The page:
Infiltration by leukemia, lymphoma, or glioma (see tumor).

Inflammatory bowel disease (Ernst et al 1991).


Leber hereditary optic neuropathy. In some women and rare men with this mitochondrial syndrome, sequential attacks of painless optic neuropathy are associated with multiple sclerosis-like symptoms and diffuse MRI abnormalities (Harding et al 1992). In men, when diffuse white matter lesions are not present, the affected optic nerves show abnormalities on short-term inversion recovery MRI (Kermode et al 1989). The initial symptom is a central scotoma, often unilateral but eventually bilateral, within weeks. Visual loss is permanent and untreatable in this familial disorder.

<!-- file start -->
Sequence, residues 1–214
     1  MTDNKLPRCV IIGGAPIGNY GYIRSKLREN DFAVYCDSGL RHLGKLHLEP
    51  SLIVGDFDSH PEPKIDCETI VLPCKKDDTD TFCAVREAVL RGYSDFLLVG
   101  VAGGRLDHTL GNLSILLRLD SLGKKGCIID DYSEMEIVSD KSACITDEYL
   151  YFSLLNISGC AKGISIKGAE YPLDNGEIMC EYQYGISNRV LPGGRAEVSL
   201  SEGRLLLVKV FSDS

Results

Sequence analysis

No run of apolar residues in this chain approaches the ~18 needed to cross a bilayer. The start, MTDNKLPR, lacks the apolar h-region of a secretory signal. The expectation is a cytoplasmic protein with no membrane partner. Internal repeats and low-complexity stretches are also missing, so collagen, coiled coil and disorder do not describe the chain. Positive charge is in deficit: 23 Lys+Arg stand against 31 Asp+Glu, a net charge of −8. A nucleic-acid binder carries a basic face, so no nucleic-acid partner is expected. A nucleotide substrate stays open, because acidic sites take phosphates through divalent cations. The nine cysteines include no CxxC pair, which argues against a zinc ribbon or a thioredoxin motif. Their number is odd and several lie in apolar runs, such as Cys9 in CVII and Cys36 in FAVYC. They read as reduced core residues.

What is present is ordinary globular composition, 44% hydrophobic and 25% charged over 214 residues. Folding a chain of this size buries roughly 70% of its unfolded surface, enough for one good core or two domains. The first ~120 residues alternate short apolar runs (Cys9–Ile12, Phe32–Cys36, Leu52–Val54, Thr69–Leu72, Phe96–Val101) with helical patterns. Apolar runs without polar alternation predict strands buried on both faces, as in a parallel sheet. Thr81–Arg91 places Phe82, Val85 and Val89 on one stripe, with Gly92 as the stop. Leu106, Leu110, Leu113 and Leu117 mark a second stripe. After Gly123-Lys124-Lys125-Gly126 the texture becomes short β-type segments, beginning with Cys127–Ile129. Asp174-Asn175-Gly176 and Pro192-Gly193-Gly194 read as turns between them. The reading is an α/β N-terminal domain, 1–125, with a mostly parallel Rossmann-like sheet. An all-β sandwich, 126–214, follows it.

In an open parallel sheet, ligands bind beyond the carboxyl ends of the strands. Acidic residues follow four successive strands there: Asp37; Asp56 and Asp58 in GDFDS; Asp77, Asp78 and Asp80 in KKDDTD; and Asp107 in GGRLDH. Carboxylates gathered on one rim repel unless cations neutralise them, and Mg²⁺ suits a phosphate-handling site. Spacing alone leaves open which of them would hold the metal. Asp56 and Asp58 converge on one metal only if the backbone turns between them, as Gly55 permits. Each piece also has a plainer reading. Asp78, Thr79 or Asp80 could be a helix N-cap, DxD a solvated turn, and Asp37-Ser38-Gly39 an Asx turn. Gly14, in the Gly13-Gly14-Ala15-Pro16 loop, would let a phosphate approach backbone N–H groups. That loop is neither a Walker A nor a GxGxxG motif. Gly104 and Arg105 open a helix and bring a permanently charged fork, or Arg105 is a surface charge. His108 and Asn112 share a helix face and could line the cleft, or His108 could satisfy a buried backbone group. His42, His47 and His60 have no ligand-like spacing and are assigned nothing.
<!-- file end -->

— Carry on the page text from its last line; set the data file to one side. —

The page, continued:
Lyme disease. This is occasionally associated with unilateral or bilateral optic neuritis or ischemic optic neuropathy, in addition to retinal vasculitis. Visual evoked potentials can confirm CNS involvement. However, without proximate evidence of erythema chronicum migrans or a tick bite, even in endemic areas, Lyme titers are not justified (Jacobson 2003).

Lymphoma. This can be primary or secondary.

Maculopathy or macular degeneration (degenerative, hereditary, paraneoplastic, toxic).

Metastasis. This is the most common intraocular malignant tumor.

Migraine. Auras evolve over minutes as spreading depression disturbs the function of occipital lobe neurons (“retinal migraines”). Complicated migraines can cause infarcts, including anterior ischemic optic neuropathy.

Multiple sclerosis.